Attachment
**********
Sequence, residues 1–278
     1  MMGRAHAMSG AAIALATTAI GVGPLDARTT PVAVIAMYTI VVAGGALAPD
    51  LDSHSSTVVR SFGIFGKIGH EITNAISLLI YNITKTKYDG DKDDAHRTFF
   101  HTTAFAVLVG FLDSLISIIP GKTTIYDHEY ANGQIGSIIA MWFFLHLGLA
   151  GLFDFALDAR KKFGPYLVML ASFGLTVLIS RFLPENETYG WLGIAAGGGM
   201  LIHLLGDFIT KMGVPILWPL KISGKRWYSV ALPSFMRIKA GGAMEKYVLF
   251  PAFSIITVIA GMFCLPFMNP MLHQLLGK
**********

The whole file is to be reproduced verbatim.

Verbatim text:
Sequence, residues 1–278
     1  MMGRAHAMSG AAIALATTAI GVGPLDARTT PVAVIAMYTI VVAGGALAPD
    51  LDSHSSTVVR SFGIFGKIGH EITNAISLLI YNITKTKYDG DKDDAHRTFF
   101  HTTAFAVLVG FLDSLISIIP GKTTIYDHEY ANGQIGSIIA MWFFLHLGLA
   151  GLFDFALDAR KKFGPYLVML ASFGLTVLIS RFLPENETYG WLGIAAGGGM
   201  LIHLLGDFIT KMGVPILWPL KISGKRWYSV ALPSFMRIKA GGAMEKYVLF
   251  PAFSIITVIA GMFCLPFMNP MLHQLLGK